Pittsburgh Steelers safety Troy Polamalu, among the most revered players in franchise history, is retiring. He announced the decision Thursday in an interview with the Herald-Standard of Uniontown, Pa.
Polamalu, 33, a standout at USC, was selected in the first round of the 2003 draft, marking the first time the Steelers took a safety in the opening round. He played 12 seasons, made eight Pro Bowls, and four times was selected a first-team All-Pro. The Steelers moved him all around the defense, and he helped redefine the position.
The Steelers have wanted to get younger on defense, had talked to him about retiring, and reportedly were considering releasing him. Polamalu told the Herald-Standard that for most of his career, he would have gone to great lengths to keep playing.
“But when I started this process and started to debate whether I should come back or should I play, that was kind of the sign for me to say, 'Whoa, if you’re just even debating it, maybe you shouldn’t play anymore,'" he said. "Because what I do know about this game is it takes a lot -- a lot -- of commitment just to be an average player."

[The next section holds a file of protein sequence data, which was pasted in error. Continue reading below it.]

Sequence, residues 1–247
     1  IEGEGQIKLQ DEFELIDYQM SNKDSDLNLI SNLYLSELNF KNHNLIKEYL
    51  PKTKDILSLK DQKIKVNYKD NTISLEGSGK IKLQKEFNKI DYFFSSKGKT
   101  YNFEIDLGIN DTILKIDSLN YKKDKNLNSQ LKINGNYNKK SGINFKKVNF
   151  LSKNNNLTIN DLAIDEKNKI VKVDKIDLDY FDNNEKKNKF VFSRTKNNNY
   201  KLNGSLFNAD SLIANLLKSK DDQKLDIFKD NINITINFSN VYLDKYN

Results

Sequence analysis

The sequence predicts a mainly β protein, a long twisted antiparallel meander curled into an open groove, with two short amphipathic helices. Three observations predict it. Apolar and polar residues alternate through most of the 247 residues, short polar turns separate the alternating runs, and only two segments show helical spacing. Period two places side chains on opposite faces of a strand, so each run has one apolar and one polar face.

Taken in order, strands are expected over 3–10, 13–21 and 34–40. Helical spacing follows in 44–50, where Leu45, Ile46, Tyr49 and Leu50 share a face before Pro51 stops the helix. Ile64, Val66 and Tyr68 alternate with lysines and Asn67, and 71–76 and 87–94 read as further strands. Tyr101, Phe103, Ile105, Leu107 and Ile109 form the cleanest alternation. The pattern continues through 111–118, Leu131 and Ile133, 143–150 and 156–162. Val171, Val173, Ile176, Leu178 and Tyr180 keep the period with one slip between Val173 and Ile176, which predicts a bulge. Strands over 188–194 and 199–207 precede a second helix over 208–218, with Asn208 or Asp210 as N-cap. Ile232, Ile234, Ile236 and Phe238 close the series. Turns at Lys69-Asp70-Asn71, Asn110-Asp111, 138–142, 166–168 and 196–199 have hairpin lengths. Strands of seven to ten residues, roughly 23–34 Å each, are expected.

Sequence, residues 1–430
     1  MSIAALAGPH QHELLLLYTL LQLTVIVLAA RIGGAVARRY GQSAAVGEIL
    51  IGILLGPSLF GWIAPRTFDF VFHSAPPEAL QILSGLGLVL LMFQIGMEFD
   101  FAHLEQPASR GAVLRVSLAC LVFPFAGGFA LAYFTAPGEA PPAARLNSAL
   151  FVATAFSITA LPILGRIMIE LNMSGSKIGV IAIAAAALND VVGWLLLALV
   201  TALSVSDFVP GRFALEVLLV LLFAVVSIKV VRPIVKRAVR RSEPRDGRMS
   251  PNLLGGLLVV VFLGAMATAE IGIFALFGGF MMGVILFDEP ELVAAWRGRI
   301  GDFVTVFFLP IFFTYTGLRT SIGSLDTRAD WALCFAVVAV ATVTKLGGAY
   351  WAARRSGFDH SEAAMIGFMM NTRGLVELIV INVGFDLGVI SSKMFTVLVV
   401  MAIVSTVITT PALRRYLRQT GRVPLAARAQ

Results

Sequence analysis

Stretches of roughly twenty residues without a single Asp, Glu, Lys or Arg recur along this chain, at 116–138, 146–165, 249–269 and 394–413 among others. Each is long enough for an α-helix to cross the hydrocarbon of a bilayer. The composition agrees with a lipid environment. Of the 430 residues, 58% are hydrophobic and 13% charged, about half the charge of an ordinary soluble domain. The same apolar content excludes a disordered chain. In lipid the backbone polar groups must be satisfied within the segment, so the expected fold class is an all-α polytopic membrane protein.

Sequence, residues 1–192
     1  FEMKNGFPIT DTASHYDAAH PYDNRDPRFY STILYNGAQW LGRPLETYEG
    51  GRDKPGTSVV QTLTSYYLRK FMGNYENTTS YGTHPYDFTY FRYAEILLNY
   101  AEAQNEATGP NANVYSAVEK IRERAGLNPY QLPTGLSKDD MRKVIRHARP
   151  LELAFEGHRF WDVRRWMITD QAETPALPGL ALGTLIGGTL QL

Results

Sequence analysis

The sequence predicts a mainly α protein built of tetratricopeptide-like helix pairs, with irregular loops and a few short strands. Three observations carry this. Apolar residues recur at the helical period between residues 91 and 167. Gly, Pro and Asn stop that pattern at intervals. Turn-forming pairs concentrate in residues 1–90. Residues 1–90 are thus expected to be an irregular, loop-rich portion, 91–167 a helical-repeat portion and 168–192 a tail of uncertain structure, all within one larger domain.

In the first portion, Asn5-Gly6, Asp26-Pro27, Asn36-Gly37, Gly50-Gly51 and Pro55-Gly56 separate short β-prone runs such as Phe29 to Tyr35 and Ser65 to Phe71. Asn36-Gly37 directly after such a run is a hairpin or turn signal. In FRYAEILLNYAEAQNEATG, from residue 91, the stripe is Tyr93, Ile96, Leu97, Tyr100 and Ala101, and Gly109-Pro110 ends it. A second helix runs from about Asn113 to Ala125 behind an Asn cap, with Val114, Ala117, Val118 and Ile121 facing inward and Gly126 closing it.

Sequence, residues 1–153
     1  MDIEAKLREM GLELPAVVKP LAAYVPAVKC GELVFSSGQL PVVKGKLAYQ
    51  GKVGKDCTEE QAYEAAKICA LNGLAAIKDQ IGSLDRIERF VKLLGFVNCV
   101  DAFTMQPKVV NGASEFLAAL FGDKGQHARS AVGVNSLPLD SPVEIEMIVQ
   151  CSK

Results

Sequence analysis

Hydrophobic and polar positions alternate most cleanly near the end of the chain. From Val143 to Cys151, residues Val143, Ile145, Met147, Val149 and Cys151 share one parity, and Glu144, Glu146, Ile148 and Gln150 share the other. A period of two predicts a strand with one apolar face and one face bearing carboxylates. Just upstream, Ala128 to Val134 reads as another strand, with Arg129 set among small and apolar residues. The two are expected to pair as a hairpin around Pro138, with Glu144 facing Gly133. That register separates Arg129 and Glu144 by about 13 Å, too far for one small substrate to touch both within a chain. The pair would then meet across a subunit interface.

Polamalu’s uncle, Kennedy Polamalu, who coaches running backs at UCLA, said he has had several phone conversations with his nephew in recent weeks about the decision.
"It was an emotional thing," the elder Polamalu told The Times. "We never planned for the way he played the game with such love and spirit, and that it would go 12 years. He wasn’t a highly recruited kid, so we went back through his journey and reminisced about how when he got into college no one knew who he was."
Kennedy Polamalu said his nephew, who has two sons, lamented spending time away from his family to train for football.
"He’s getting a chance to take them to school now, be with them in the off-season," he said. "He told me once, 'Uncle, you know how I love to go to the movies? Well, if I go to the movies, I want to get popcorn, but I can’t eat it because it makes me gain weight.' … He’s going to have popcorn now."